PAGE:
Strengthening Inclusion Right from the Start

The willingness to voluntarily work with refugees has never been as great as it currently is, new initiatives in Germany are set up more quickly than ever. A chance but also an enormous challenge for the sector of civil society. How the work for and with refugees can succeed was the focus of the symposium "integration means participation".
Robert Bosch Stiftung | June 2016

"Two years ago, no one would have imagined that so many people wanted to help," explains Aydan Özoğuz, German Government Commissioner for Migration, Refugees and Integration, at the opening ceremony of a specialist symposium entitled "Integration heißt Teilhabe" ("integration means participation"). Ms. Özoğuz was referring to the immigrant-friendly culture that took root so strongly in Germany last year.

At the symposium held by Stiftung Mitarbeit, some 150 delegates - including representatives of municipalities and civil organizations, volunteers, people with experience with migration, and organizations formed by refugees themselves - discussed how to enable refugees to take part in politics and society. The Robert Bosch Stiftung supported the symposium, which was entitled "Integration heißt Teilhabe - Partizipation und Engagement für, mit und von Flüchtlingen" ("integration means participation - involvement and commitment for, with, and from refugees") and held at the Foundation’s Berlin Office on June 21 and 22, 2016, in order to support volunteer work for and with refugees in Germany and strengthen their involvement in society.

Özoğuz agrees that politicians and society were not prepared for the large numbers of refugees. In many cases, this is why volunteers stepped in to take responsibility for welcoming, caring for, and supporting refugees. In her opening speech (listen below in German), Özoğuz talked about the role of social commitment and the current situation in terms of migration policy.

There has seldom been such willingness to volunteer and never have so many new initiatives been set up in such a short space of time. After all, refugee work takes place on the ground - in communities, associations, neighborhood centers, and schools. It is precisely this that results in new challenges for the civil sector:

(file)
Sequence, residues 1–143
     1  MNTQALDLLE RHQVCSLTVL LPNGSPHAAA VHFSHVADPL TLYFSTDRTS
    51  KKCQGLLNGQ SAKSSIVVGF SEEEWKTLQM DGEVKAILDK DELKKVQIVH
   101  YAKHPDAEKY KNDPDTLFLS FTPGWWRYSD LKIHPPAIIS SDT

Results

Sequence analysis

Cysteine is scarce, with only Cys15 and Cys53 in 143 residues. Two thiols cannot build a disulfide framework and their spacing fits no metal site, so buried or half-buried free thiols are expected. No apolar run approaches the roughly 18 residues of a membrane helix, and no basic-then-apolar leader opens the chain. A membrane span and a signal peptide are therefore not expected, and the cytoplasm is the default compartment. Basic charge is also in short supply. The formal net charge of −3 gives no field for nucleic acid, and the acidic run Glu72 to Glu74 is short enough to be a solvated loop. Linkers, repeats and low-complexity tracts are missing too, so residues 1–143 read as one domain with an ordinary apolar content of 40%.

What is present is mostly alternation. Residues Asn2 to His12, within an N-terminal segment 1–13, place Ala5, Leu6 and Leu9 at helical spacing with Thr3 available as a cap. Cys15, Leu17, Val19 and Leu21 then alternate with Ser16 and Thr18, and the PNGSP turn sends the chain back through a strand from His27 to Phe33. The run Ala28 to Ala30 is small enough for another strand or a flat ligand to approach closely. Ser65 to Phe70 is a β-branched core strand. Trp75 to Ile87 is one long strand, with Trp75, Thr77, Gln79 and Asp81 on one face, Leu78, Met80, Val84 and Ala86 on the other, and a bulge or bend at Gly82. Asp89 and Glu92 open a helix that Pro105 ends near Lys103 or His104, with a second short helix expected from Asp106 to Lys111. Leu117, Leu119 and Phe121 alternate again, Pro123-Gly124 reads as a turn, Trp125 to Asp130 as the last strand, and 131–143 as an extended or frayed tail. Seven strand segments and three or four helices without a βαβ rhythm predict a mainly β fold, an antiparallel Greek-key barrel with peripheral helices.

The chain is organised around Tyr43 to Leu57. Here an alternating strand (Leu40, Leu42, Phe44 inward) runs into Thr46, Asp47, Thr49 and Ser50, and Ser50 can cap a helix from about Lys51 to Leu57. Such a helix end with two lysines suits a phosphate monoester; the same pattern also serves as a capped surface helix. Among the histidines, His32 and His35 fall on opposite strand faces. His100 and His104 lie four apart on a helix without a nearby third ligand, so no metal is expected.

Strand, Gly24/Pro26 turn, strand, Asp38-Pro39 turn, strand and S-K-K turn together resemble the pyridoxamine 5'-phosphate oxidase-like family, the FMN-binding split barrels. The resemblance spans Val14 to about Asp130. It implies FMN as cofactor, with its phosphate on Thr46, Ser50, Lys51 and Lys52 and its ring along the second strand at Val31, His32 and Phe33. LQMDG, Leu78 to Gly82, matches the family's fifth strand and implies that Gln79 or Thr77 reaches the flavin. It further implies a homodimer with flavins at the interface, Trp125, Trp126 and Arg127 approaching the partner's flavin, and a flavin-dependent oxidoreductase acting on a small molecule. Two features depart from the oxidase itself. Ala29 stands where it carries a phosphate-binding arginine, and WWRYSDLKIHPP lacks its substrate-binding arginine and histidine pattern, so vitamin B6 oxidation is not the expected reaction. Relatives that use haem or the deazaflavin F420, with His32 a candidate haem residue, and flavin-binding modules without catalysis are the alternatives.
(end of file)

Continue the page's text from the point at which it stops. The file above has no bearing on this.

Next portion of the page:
How can organizations form networks?

How can helpers be given sufficient training and prepared for their roles?

How do we deal with the diverse nature of civic stakeholders?

How can we move away from simply talking about refugees to working together on social questions, topics, and activities?

These current issues were discussed in several workshops. At a talk entitled "Integration geschiet im Stadtteil" ("integration takes place in the local area"), representatives of cities and city institutions came together with volunteers to discuss ways in which participation can be facilitated on the ground. They came to the conclusion that refugees should be involved even in small decisions. "We often plan activities and events to involve refugees more closely, but often forget to ask people what they actually want," explained one delegate. Isabelle Franz from the volunteer agency Volkssolidarität Spremberg in Brandenburg agreed: "People talk so much about refugees, but hardly talk to them." When devising integration policy in her city, she suggested including someone with migration experience in the work group in order to identify the real problems.

First and foremost, the workshops revealed a need to tackle the differences in terms of how local communities accept refugees. There is also considerable disparity between urban and rural areas, such as in terms of infrastructure and mobility or facilities such as civic centers.

Some refugees told their stories at the symposium. A young man who fled from Afghanistan, for instance, asked why he - unlike refugees judged to have "good settlement prospects" - is unable to access language and integration courses and why he is still waiting for his hearing.

Professor Roland Roth summarized the various issues as he brought the event to a close: "Refugees who are here today have a right to participate." Involvement in this area, he argued, is almost by its very nature political, as we are talking about the "opening and closing of our society." Therefore, Roth believes that civic involvement should be taken more seriously at a political level.

In order to further this aim, the event finished with a discussion forum featuring veterans from the fields of politics and civil society, with the outcomes and impetuses from the workshops discussed. They concluded with an appeal to engage in conversation and share ideas, even beyond sectoral divides, and encouraged all volunteers to believe in the work they have done.

Ottilie Bälz, Head of Society at the Robert Bosch Stiftung: "As a Foundation, we want to make our contribution on behalf of social and political involvement. The developments of recent months leave me feeling confident about the future."